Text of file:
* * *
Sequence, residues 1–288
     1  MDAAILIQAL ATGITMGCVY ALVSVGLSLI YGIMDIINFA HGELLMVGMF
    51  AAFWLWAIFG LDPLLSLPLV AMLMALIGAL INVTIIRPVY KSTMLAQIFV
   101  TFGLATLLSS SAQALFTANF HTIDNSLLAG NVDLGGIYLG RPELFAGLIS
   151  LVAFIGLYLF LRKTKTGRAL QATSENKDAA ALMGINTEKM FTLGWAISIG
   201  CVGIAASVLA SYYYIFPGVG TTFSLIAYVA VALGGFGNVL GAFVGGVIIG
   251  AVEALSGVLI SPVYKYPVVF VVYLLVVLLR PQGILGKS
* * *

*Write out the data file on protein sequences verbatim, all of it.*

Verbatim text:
Sequence, residues 1–288
     1  MDAAILIQAL ATGITMGCVY ALVSVGLSLI YGIMDIINFA HGELLMVGMF
    51  AAFWLWAIFG LDPLLSLPLV AMLMALIGAL INVTIIRPVY KSTMLAQIFV
   101  TFGLATLLSS SAQALFTANF HTIDNSLLAG NVDLGGIYLG RPELFAGLIS
   151  LVAFIGLYLF LRKTKTGRAL QATSENKDAA ALMGINTEKM FTLGWAISIG
   201  CVGIAASVLA SYYYIFPGVG TTFSLIAYVA VALGGFGNVL GAFVGGVIIG
   251  AVEALSGVLI SPVYKYPVVF VVYLLVVLLR PQGILGKS